“I Just Didn’t Feel like a Student Anymore:” Student Responses to Emergency Distance Learning

Tate et al. / Peabody Journal of Education / June 2022

Black female student working at a wooden desk in her bedroom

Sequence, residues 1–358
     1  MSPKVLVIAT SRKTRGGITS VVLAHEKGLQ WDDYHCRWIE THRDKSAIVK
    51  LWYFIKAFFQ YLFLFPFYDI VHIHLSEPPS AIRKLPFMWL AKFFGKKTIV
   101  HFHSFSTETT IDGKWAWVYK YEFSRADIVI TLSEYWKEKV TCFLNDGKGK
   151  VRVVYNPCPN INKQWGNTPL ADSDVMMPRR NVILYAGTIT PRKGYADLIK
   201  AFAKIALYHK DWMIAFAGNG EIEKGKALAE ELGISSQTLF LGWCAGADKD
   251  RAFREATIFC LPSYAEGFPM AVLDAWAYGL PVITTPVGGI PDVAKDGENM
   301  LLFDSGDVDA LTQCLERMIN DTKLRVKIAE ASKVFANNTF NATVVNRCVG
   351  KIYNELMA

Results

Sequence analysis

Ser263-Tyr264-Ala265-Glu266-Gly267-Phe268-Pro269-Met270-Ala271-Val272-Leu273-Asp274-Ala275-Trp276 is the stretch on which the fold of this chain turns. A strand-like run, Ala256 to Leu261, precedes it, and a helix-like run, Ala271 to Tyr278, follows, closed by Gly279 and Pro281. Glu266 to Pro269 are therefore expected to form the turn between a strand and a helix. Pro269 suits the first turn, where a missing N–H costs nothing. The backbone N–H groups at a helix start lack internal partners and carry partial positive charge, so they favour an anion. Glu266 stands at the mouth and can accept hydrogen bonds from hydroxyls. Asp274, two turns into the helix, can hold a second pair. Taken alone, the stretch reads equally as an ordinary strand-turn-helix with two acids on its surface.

This paper describes the results of surveys and interviews from over 1800 students in five large STEM classes at a research university when classes abruptly moved online for spring quarter 2020 due to the COVID-19 pandemic. The authors examine how students’ expectations compared to their realities at the end of the quarter; what factors impacted their spring 2020 quarter; and students’ academic sense of belonging, self-efficacy, cost of engagement, and effort regulation in spring 2020. The authors contextualize students’ experiences of emergency distance learning (EDL) through quantitative comparisons to previous quarters, open survey responses, and interviews. They also examine heterogeneity with respect to race/ethnicity, gender, first-generation college students, and students from low-income families. They find that there are reasons to expect increased achievement gaps post-EDL, but the authors also find examples of resiliency and improved self-regulated learning that will be life-long assets for students. Our goal in this paper is to use exploratory findings from one particular context to help identify potential ways to disrupt the reproduction and deepening of educational inequality exacerbated by the crisis, and educational opportunities in these unconventional times.